Much has been made about the rule that was apparently violated Rule 12, Section 4, Article 1(b), where a player may not "bat" a ball out of the end zone (I am simplifying here).
Take a look at the video here from SB Nation and a spectacular shot of what the Back Judge Greg Wilson saw.
Public outrage aside about how "bad" a call this is, I think there are a few obtuse points worth mentioning that most have not stated so far.
- Mega kudos to Kam Chancellor, who delivered the hit to cause the fumble and do so before the ball crossed the plain of the goal line. This was a great football play and a rules controversy is sadly overshadowing a phenomenal play in crunch time. #respect
- It is more clear than ever to me that the players, coaches, and staff at that level do not understand the rules of football, with a few notable exceptions. Stories are out now that the guilty player himself did not know the rule, there was no uproar on the sideline about it, or talk of it in the locker rooms until well after the fact, and the TV analysis, when they finally caught on was ... embarrassing. Note to all younger referees, the words "I used to be a pro" mean absolutely nothing in so far as knowledge or application of the LOTG go. This was proven painfully true again last night.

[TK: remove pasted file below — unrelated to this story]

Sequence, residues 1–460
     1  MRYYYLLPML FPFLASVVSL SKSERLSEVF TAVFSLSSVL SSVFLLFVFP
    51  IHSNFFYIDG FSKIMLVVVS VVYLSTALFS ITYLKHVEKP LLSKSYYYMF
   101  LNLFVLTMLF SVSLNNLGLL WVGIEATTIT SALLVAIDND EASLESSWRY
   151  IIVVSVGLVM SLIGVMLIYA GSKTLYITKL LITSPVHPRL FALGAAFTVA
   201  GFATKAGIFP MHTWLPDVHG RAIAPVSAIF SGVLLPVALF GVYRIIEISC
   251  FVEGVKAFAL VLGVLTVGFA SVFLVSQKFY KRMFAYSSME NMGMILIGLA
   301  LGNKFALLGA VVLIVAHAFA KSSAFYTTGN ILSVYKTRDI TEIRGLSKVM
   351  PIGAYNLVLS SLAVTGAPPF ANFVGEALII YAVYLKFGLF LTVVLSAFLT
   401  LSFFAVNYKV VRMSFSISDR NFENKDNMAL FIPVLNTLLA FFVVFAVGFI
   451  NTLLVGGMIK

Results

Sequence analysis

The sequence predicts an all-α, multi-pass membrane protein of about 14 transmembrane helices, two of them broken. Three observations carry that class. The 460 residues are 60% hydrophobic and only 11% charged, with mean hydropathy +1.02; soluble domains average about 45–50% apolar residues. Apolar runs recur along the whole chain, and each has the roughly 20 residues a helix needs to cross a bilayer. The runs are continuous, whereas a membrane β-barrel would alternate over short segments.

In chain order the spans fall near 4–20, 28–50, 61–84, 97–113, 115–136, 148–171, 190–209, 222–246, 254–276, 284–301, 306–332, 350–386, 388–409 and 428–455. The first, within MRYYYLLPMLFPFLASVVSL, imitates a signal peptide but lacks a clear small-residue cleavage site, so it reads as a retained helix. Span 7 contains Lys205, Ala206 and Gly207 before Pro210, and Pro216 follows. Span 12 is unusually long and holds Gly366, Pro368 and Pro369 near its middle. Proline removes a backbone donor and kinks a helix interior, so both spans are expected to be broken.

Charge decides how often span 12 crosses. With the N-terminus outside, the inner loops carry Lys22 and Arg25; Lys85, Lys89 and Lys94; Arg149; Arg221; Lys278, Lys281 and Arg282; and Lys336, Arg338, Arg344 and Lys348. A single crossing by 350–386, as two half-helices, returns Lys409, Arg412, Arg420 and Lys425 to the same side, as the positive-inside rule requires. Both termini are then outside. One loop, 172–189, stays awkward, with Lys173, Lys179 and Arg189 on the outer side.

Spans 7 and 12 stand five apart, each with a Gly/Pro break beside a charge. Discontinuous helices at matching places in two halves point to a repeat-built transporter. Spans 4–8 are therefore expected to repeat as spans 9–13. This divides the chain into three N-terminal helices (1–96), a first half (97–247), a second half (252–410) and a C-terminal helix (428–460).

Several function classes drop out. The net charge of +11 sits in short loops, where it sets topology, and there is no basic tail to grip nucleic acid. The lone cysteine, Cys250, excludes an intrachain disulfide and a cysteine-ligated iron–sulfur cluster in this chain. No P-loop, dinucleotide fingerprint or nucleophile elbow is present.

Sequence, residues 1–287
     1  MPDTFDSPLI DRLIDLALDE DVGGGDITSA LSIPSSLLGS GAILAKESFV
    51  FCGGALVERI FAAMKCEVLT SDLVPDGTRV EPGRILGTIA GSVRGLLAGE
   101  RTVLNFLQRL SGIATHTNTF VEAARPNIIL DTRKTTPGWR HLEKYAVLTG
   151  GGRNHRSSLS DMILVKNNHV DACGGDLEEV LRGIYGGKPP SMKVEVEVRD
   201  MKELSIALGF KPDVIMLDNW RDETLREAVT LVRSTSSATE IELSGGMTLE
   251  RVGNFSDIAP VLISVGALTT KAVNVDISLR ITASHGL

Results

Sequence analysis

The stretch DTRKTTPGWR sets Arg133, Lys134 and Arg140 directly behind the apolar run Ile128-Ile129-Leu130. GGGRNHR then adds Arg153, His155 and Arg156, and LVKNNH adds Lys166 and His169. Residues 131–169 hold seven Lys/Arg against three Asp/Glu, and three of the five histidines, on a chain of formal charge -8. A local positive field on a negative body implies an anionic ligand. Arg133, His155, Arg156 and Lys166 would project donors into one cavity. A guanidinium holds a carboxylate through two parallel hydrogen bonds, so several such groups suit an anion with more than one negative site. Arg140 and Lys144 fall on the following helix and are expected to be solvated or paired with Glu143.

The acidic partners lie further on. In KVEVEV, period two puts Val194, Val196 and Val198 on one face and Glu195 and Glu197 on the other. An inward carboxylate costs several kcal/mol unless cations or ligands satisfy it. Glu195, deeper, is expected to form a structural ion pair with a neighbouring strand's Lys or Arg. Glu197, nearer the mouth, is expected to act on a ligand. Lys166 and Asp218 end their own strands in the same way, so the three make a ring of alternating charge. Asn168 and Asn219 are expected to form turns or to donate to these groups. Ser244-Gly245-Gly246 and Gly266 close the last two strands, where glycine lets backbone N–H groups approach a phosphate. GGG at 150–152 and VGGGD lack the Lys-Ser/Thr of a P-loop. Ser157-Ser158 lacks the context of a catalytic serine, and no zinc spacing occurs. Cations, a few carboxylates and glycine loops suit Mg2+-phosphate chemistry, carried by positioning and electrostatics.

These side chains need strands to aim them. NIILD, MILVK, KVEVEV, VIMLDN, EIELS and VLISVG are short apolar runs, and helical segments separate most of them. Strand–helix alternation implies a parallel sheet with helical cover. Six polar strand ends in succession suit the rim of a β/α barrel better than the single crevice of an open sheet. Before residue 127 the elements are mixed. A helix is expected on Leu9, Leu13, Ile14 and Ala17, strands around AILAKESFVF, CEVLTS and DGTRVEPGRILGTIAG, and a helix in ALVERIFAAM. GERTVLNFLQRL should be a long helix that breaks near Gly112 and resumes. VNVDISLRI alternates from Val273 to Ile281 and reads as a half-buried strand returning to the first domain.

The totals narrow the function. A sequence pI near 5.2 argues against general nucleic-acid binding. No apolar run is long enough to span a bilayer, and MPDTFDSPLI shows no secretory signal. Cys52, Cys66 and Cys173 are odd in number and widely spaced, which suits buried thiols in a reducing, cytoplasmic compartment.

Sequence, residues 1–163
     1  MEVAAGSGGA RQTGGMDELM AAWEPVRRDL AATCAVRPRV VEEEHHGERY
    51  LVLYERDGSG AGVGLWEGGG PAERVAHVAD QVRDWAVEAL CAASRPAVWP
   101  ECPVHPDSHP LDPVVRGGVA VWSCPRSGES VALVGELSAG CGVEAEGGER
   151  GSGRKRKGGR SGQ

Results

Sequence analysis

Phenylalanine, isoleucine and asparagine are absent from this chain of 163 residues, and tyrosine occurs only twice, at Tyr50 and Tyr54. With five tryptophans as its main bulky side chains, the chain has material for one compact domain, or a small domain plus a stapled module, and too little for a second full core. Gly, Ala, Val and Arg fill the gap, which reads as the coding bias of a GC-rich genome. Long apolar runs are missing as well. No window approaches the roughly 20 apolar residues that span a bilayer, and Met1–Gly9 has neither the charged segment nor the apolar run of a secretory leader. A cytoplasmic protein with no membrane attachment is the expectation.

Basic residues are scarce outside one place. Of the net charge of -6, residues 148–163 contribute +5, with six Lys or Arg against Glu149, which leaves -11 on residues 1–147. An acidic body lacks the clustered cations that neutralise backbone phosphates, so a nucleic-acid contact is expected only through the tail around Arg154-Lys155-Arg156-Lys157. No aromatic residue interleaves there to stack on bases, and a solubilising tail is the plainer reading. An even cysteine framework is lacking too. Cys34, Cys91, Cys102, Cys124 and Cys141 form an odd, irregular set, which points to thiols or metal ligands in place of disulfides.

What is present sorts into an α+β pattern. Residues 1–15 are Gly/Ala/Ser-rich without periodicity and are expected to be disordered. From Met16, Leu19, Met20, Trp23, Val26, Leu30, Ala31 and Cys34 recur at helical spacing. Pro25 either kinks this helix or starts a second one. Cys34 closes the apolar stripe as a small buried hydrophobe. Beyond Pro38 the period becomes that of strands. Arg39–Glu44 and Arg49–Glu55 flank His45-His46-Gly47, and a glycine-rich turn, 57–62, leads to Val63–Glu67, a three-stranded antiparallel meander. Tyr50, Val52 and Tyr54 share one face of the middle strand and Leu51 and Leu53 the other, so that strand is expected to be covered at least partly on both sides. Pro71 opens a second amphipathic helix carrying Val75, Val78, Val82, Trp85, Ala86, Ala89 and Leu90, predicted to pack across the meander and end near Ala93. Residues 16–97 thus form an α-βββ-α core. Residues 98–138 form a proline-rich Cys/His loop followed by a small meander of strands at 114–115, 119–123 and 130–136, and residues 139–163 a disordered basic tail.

- I happen to think Greg Wilson is a great referee for making the right call. SB Nation allowed for only two possibilities on the matter. (1) Wilson didn't know the rule. or (2) Wilson incorrectly felt that Wright's strike of the ball wasn't obvious. This article also notes that the Director of Officiating was ducking under #2 ... and for him that was really the only choice. I believe there is a 3rd option that existed ... and it was Wilson in essence played an "advantage." Now, understanding that no such construct exists officially in the NFL rules, we see it exercised all the time with fouls like pass interference, some are flagged, most are not and this largely goes to if an advantage was gained or not. Here we have the case that the ball was on the way out from the fumble. There was little doubt that was the case. Even with the players batting the ball (and he did bat the ball) it would have made no difference to what would have occurred next. Why then, if the foul would serve to give a significant and inappropriate advantage to the team who legitimately fumbled the ball, would we do that?
Most clearly do not feel that way, but to me, they are dead wrong.